Dear Friedman: There Is No Moore’s Law for Batteries

I’m an avid reader of Thomas Friedman’s column, first and foremost because he’s been the most successful at elevating the greentech business discussion to a main stage, i.e. the New York Times op-ed section. But I have a slight quibble with this weekend’s column, specifically, the section where he writes:

Sure, the Moore’s Law of electric cars  — “the cost per mile of the electric car battery will be cut in half every 18 months” — will steadily drive the cost down, says Agassi, but only once we get scale production going. U.S. companies can do that on their own or in collaboration with Chinese ones. But God save us if we don’t do it at all.

I guess God is going to have to save us, because there’s not currently a Moore’s Law for batteries, and I’m doubtful that we’re going to ever hit a Moore’s Law-style pace of accelerated progress and lowered costs for batteries. Yes, batteries will come down in price and become smaller, but at nowhere near the same speed — and with a lot less progress — as to be able to be compared to Moore’s Law. In 1965, Gordon Moore famously predicted that the number of transistors on a chip would double roughly every two years. The result is that over 40 years later, semiconductors are cheap and powerful enough to be embedded into everything from our bus passes to our library books, and the platform of personal computing has delivered our current always-on Internet-based society.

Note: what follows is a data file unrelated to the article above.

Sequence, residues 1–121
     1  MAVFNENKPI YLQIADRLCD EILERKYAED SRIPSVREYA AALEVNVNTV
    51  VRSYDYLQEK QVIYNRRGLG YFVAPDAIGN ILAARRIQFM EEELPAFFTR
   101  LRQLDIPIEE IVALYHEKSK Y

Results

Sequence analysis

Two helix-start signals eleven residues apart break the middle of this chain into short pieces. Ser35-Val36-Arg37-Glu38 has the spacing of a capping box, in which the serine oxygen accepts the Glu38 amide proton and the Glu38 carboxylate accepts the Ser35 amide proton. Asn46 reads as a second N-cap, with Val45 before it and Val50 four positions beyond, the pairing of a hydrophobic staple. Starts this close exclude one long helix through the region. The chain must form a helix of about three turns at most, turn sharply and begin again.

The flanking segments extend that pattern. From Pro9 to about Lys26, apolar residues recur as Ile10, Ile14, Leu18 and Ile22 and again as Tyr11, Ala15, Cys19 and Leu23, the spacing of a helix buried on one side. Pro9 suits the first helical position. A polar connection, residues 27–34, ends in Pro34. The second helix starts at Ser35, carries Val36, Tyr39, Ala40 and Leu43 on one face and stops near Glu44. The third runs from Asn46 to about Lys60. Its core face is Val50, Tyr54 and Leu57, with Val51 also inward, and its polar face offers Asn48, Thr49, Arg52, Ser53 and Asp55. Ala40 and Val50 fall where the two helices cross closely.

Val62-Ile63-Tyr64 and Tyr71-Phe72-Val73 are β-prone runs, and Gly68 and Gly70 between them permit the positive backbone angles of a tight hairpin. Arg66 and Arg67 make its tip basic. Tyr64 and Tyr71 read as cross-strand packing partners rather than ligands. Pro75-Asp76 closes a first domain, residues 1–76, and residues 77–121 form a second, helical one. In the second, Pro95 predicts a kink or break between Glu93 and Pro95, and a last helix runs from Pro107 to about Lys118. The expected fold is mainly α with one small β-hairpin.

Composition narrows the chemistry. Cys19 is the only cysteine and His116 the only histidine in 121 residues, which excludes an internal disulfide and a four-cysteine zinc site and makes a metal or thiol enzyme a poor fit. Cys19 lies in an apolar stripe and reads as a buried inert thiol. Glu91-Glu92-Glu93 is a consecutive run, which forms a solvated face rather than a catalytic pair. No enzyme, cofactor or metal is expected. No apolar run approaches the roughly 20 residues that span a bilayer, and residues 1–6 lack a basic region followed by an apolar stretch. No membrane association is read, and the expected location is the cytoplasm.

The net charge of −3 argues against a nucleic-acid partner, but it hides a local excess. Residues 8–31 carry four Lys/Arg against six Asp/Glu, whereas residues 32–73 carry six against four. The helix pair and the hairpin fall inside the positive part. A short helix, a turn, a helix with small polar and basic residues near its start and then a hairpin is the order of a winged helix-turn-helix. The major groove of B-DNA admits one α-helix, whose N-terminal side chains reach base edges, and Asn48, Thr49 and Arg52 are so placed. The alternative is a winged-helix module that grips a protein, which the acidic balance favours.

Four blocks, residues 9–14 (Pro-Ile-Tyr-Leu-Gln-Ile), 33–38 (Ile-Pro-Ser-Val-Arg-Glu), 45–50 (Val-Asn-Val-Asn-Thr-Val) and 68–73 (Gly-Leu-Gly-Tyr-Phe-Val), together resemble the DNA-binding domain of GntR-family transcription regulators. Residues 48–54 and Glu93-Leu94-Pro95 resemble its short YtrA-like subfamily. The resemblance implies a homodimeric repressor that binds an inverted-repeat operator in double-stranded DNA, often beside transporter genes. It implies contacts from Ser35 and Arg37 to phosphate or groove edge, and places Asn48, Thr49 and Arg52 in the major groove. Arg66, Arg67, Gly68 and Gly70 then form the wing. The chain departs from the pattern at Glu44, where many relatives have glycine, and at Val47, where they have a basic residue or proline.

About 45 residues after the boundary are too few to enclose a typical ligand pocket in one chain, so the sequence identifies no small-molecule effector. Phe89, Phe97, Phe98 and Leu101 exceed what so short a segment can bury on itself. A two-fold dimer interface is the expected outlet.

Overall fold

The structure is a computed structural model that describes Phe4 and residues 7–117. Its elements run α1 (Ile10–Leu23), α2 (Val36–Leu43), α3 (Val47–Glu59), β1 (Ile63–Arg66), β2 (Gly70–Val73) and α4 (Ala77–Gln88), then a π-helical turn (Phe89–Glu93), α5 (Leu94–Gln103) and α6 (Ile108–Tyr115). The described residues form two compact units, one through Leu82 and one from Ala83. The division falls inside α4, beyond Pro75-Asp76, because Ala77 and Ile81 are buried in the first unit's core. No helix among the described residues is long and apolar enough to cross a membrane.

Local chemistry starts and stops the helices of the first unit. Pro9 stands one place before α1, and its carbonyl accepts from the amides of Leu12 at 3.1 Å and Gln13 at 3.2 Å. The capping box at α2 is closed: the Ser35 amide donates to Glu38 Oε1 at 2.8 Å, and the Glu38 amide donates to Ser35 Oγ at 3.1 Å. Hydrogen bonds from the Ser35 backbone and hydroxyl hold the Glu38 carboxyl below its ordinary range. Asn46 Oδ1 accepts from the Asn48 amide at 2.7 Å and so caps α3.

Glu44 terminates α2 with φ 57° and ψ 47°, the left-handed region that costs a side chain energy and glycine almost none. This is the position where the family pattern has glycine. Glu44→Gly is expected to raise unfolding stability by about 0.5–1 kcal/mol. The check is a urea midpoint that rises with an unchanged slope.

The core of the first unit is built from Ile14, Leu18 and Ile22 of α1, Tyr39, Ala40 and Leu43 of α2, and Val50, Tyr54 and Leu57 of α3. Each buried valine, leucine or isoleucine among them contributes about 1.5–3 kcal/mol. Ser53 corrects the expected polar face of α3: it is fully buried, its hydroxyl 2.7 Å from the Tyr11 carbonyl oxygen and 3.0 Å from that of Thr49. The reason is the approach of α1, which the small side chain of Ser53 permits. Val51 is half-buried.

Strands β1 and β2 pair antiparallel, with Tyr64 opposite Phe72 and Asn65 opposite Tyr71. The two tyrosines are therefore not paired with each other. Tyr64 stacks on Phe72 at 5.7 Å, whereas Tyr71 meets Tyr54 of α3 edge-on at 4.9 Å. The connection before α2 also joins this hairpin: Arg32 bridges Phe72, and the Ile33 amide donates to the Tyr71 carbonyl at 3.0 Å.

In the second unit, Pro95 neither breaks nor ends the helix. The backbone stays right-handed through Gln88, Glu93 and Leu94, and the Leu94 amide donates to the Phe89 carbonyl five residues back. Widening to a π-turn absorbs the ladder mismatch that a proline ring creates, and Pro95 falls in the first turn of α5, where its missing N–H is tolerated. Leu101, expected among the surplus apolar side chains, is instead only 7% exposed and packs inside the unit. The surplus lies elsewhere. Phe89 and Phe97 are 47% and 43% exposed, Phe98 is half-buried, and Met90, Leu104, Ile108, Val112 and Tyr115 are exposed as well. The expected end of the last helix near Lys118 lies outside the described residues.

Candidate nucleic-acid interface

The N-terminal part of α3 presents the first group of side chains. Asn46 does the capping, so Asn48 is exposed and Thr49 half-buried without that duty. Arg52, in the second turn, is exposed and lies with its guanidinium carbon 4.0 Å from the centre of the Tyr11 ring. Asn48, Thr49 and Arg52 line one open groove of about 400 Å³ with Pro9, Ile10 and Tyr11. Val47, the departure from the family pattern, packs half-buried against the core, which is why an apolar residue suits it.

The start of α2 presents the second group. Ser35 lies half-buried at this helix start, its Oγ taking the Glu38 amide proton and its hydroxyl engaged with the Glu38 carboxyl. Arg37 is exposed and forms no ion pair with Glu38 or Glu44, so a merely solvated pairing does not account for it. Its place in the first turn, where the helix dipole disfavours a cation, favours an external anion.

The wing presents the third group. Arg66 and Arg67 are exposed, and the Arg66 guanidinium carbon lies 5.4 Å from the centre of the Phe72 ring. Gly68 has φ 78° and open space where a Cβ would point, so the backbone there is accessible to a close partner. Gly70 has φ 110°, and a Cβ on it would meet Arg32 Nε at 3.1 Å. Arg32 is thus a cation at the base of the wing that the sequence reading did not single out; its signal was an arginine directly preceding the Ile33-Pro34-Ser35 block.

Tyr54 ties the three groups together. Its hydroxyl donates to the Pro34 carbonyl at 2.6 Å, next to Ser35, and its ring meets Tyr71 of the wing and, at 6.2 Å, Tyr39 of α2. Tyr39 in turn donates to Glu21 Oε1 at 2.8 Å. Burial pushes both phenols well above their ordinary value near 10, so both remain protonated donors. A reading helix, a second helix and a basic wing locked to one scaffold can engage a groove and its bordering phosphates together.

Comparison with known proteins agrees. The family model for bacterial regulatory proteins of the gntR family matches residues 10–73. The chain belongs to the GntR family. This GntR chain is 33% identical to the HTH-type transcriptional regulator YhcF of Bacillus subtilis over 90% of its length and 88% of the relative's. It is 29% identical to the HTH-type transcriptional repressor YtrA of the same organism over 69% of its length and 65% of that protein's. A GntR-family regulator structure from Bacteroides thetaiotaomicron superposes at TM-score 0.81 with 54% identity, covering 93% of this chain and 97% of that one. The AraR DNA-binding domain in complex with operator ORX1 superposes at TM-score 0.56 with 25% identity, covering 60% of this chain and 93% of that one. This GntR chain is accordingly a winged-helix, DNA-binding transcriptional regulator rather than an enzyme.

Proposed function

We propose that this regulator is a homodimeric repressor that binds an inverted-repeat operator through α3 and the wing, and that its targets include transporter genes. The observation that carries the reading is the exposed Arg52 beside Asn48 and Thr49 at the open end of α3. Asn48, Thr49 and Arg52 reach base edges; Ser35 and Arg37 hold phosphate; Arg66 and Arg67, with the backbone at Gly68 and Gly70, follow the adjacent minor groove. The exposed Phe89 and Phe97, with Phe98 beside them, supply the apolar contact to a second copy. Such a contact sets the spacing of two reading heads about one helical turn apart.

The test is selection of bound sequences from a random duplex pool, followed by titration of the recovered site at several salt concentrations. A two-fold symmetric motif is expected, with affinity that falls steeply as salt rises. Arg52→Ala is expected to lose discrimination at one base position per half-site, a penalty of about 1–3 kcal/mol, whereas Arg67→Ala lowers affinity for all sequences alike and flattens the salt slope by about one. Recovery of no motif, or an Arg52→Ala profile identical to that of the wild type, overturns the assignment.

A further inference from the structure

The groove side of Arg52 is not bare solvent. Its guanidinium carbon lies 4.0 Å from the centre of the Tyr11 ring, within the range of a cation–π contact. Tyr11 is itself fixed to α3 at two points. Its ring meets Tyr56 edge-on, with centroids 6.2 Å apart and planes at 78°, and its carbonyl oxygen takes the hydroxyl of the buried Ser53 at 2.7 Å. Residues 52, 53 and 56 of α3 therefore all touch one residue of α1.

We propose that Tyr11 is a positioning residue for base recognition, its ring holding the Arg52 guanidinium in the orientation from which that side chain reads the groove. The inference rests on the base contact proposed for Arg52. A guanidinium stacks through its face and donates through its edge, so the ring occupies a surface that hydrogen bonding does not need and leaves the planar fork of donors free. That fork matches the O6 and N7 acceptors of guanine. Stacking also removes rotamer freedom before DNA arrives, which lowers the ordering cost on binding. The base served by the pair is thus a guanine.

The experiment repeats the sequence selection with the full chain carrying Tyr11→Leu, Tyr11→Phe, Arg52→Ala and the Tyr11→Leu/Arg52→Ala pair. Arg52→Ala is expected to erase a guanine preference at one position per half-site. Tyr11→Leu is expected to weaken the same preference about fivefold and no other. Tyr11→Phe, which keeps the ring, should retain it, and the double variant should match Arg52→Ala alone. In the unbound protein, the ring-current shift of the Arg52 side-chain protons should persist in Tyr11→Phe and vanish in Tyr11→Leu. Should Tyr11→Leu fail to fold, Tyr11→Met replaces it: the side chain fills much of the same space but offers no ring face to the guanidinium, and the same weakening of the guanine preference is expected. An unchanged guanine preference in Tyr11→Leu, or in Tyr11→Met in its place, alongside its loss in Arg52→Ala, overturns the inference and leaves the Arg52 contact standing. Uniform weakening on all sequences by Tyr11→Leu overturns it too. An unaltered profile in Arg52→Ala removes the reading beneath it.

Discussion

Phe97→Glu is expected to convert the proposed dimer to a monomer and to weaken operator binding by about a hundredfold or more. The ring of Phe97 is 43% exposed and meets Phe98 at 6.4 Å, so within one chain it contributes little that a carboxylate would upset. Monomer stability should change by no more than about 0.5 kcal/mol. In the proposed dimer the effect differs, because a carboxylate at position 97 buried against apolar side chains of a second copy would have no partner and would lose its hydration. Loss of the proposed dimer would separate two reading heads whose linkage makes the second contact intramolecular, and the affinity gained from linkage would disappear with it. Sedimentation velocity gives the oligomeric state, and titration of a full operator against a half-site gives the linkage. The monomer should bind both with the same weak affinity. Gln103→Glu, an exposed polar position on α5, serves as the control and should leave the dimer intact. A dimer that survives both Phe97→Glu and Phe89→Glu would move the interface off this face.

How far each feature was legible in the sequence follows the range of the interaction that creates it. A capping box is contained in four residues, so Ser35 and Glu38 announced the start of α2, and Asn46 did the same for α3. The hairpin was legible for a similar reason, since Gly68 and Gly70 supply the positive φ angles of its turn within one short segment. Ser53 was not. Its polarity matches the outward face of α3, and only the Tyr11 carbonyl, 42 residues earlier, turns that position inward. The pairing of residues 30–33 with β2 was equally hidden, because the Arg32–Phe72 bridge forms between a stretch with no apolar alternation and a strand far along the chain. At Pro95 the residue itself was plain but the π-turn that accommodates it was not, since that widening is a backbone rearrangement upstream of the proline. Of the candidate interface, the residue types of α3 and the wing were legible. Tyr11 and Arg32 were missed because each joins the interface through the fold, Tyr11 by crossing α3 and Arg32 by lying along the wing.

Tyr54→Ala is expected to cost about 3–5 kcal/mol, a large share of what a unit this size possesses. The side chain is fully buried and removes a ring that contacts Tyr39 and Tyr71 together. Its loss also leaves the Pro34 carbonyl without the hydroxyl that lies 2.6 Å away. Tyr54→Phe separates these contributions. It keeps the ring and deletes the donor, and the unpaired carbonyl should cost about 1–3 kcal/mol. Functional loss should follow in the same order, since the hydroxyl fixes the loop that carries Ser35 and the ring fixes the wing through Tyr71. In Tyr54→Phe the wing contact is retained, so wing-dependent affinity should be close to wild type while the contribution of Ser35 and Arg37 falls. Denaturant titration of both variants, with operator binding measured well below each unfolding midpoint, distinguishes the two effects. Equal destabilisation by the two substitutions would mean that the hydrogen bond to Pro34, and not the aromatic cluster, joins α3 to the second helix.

To set up the expectation that we could create a Moore’s Law for batteries if we tried really, really hard is disingenuous; it reminds me of the Hollywood movie where if the little kid just wishes hard enough she can bring her divorced parents back together, or her dead cat back to life. I think they call this Faith with a capital F in some circles.

Battery innovation doesn’t work on faith; it’s driven by chemistry and science. The entire problem with battery innovation and the path for electric vehicles is that over an entire century, batteries have not really improved all that much. As comedian and car enthusiast Jay Leno pointed out to me a couple of weeks ago, his 1906 Baker electric car has about the same battery range as the next-gen EVs that are just hitting the market. Bill Gates, at an event earlier this year, also expressed the same sentiment: “Batteries have not improved hardly at all. There are deep physical limits.”

During his talk, Gates actually directly debunked the notion that batteries and other energy technologies will follow a Moore’s Law-type path (the solar industry has also been trying to say there’s a Moore’s Law for solar for years). In essence, he said, we’ve been fooled by the rapid success of IT, and “there are things that just don’t move forward.” The pace of chips and IT innovation “is rare,” said Gates. In other words, a Moore’s Law pace of increasingly lower costs at such a fast rate isn’t likely to happen for a lot of other tech and science sectors.

Sorry to burst the bubble of anticipated progress for green technology, but a charming and articulate entrepreneur like Shai Agassi often has a lot of slogans that sound good and will help advance his startup Better Place. We shouldn’t just repeat and confirm them ad nauseam.

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Image courtesy of GM.